How to Make Steel Blackby Don KressUpdated September 15, 2017
Items you will need
Used motor oil
Bucket with a lid
Channel lock pliers
Making steel turn black without actually applying paint to the surface is a trick that you must execute carefully. This is because you aren't actually applying a surface treatment to the steel, but by quenching it in a bath of used motor oil. Obviously, this presents some hazards. You should never attempt to blacken steel in this way indoors. In addition, it is best to keep a fire extinguisher nearby. This process should not be used on hardened steel, as it removes the steel's tempering.
Grip the steel part with the jaws of the channel locking pliers, being careful to avoid marring the steel. Soft decorative steels in particular can be easily damaged by the hardened tool steel of your pliers. You cannot, however, place anything between the jaws of the pliers to protect it.
Fill a bucket with used motor oil that will accommodate the size of the part that you are blackening. This is necessary because you have to completely submerge the part into the motor oil for it to apply the right coloration.
Heat the steel part with the propane torch until the entire part glows dark red.
Thrust the steel part quickly into the bucket of used motor oil and at the same time release the channel lock pliers. Step back from the bucket quickly. The heat of the steel part will temporarily inflame the oil in the bucket. Put down the pliers and cap the bucket with its lid. This will remove most of the oxygen from the bucket, extinguishing the flame. Allow the oil and the part to cool together for five minutes before removing the bucket lid.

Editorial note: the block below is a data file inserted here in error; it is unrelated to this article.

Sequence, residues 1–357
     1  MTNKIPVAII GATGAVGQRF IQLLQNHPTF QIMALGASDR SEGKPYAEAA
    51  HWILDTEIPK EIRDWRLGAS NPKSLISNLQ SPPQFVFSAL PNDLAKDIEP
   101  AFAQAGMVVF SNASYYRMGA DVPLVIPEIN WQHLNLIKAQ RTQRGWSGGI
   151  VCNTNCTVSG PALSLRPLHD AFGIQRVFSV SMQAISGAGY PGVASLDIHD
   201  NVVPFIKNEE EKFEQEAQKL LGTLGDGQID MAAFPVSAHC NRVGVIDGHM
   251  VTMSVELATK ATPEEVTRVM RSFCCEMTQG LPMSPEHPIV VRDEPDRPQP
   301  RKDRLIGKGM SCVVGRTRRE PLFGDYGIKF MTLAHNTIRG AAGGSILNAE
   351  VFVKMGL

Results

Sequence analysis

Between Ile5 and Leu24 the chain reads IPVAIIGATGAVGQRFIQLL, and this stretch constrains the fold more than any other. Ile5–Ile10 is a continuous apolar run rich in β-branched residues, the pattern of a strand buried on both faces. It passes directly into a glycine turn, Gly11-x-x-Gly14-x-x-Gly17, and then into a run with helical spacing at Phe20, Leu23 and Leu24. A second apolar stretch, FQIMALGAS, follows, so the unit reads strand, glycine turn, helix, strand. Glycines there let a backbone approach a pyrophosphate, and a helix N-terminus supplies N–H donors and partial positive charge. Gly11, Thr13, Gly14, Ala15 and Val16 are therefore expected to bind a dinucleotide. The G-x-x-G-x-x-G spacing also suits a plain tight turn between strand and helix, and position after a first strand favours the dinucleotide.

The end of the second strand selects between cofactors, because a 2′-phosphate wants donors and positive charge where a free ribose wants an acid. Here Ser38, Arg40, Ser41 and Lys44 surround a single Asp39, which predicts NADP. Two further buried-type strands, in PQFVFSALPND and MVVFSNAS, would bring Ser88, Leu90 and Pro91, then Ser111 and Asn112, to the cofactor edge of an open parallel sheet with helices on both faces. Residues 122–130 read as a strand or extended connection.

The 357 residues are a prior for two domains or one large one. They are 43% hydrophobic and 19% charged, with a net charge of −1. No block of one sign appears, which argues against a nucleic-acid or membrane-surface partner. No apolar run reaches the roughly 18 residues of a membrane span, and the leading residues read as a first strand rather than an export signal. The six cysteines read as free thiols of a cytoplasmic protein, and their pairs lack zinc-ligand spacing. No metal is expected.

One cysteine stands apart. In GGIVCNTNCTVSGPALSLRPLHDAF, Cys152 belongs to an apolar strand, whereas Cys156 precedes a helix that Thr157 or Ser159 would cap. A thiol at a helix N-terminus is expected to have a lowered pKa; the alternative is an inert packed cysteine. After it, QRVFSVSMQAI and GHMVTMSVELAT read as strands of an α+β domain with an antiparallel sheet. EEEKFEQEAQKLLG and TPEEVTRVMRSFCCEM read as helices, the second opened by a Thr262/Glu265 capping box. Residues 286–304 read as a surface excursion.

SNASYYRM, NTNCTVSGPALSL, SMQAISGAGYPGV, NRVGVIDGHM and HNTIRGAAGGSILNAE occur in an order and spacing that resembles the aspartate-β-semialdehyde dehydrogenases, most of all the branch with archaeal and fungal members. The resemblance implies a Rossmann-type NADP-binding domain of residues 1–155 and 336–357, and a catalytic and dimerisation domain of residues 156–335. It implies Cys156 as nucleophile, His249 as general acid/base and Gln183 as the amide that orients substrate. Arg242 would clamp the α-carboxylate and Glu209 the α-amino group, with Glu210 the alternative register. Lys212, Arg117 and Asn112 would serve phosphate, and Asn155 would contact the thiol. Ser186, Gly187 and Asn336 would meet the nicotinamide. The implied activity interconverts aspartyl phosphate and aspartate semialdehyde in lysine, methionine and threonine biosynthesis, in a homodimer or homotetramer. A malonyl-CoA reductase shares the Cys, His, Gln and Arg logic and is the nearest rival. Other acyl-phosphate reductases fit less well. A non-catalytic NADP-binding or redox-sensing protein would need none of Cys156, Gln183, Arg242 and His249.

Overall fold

Wipe the steel part off with a clean rag, being careful to clean away all of the oil before using the part for its intended purpose. It should now be blackened to a deep charcoal color.
Perform this work somewhere outside where there is no overhanging foliage and away from buildings or flammable materials. One of the best places might just be the middle of your driveway.
The hot oil will catch fire when you quench the part within. Move quickly and wear safety gloves and goggles to prevent burns. In addition, have a chemical fire extinguisher close at hand in case of emergencies.
- "Practical Blacksmithing and Metalworking"; Percy Blandford; 1988
- "The Backyard Blacksmith: Traditional Techniques for the Modern Smith"; Lorelei Sims; 2006
- "The Art Of Blacksmithing"; Alex Bealer; 2009
Don Kress began writing professionally in 2006, specializing in automotive technology for various websites. An Automotive Service Excellence (ASE) certified technician since 2003, he has worked as a painter and currently owns his own automotive service business in Georgia. Kress attended the University of Akron, Ohio, earning an associate degree in business management in 2000.